In an SIR policy, until the insurer becomes obligated for a loss over the SIR, the insured will pay its own defense costs. In this situation, you’re not bound to use the services  of the insurer’s stable of lawyers. You can choose.

Settlement. A policy with a deductible allows the insurer to defend and settle claims against the insured without the insured’s consent. An insurer cannot settle a claim within the SIR without the insured’s consent.

Which One Should I pick? In the current insurance climate, first-dollar coverage is a luxury we can’t afford. You should go for either a deductible or SIR policy. You’ll be more in charge  with an SIR.

This is not new. Policies with large self-insured retentions and deductibles have always been available, but if you have a better hand at managing your day-to-day risks, that is, you’re better at conducting a safe operation than an insurer, an SIR policy may be more attractive than a deductible. This is especially true if your CSA scores are well within limits and you preach and practice safety.

Your Insurance Market for 2017. With sagging growth and under-performing investments, the insurance industry is likely to continue consolidation, leaving you with fewer choices. There is an expected outflow of some 70,000 insurance workers – of all stripes – so insurers will need to attract and train workers and count more on algorithms (yes, CSA is only an algorithm, and a poorly functioning one at that).

Then there’s the uncertainty of the new Administration and its effects on domestic growth and trade. Expect increasing insurance costs this year.

Regards,

Jim Mahoney

602 900 1800

Transportation Chair

Louis & Resnick PC

 

 

 

 

Anticipating the Governor’s signature on HB2114 this week, Arizona should have a very strong law defining independent contractors. To paraphrase:

ANY EMPLOYING UNIT CONTRACTING WITH AN INDEPENDENT CONTRACTOR MAY PROVE THE EXISTENCE OF AN INDEPENDENT CONTRACTOR RELATIONSHIP FOR THE PURPOSES OF THIS TITLE BY THE INDEPENDENT CONTRACTOR EXECUTING A DECLARATION OF INDEPENDENT BUSINESS STATUS, and by the contractor declaring the following:

… THE CONTRACTOR is operating an independent business and providing services as an independent contractor; the contractor acknowledges the absence of an employment relationship without any claim to UI benefits or other rights arising from an employment relationships; that the contracting party is not responsible to withhold any tax; the contractor is responsible for his or her tax obligations, for obtaining licensing, registrations, or other authorizations that would be necessary for rendering the contracted services.

There will be six of ten categories that the contractor acknowledges as existing in the relationship, most of which can  – or already are – in practice with our transport partners.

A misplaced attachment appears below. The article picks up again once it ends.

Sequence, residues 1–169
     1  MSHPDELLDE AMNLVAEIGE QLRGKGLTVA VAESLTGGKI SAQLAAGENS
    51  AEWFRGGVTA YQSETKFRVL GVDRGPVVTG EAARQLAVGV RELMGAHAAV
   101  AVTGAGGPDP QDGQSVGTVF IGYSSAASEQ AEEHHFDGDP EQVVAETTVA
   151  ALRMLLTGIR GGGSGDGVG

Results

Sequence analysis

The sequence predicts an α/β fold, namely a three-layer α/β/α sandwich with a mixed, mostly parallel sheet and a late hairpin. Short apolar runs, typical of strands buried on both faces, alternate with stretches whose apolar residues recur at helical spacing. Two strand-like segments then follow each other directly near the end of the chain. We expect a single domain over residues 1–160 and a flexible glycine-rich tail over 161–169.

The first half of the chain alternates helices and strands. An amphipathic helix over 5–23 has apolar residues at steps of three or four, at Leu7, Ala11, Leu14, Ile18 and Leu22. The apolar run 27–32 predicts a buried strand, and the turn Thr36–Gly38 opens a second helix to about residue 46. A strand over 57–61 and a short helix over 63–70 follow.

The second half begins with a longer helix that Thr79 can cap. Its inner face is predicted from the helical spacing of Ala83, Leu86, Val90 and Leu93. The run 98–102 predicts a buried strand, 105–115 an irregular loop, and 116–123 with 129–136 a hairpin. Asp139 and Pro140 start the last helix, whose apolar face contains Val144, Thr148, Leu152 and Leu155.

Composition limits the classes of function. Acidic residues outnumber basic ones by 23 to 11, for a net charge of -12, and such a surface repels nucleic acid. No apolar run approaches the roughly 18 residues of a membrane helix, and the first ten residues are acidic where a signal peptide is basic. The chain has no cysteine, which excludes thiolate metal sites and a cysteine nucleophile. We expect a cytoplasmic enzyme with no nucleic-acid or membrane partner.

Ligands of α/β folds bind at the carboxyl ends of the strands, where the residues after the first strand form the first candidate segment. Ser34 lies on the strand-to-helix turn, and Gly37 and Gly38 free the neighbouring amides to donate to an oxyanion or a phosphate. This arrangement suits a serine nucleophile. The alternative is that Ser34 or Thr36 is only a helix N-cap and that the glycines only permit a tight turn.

Perhaps the best benefit for those of us in the trenches who spend time educating courts and state agencies to the distinction between independent contractors and company employees is the explanation in the new law that “any supervision or control exercised by the employing unit to comply with any statute, rule, or code adopted by the federal government, this state …may not be considered for the purposes of determining the independent contractor or employment status of any relationship…”

This will eliminate the hang-up that judges and agencies see as indicia of employment control. Since all motor carriers and freight brokers – to some degree – are obligated to enforce drivers to adhere to FMCSR regulations for hours of service, safe operations on the road, off-duty, and in pre-trip operations, as well as in communications with dispatch personnel, customers and general safe and efficient routing, this phrase eliminates that argument.

I would recommend that each of us review and amend – slightly, but quite importantly – our ICOAs with our owner-operators so as to comply with this law. Thereafter I expect a slight learning curve in educating state agencies, Work Comp insurance underwriters, courts and, not the least, negotiating with our contractors.

But this new law – expected to be signed by Governor Ducey this week, and effective August 6th – will unburden Arizona businesses from the vestige of impossible compliance with conflicting federal and state laws, and some costly litigation efforts.

Perhaps another benefit, which was envisioned bringing this Bill to fruition, is making Arizona more attractive to businesses across the West, particularly California companies escaping burdensome – and conflicting – regulations and insurance rates.

Re-domestication efforts can be considered. There are a few boxes to check off as companies consider this, and the benefits and detriments should be considered individually.

 

A knowledgeable Lloyd’s broker once told me that the U.S. property and casualty market was but a boil on the rump of the worldwide insurance industry, meaning that while we in the U.S. transportation industry continually postulate on why and how to attract underwriters, our laser-like focus on insurance rates is a bit misguided; our rates are more dependent on the world reinsurance market and its focus on disasters, natural and man-made.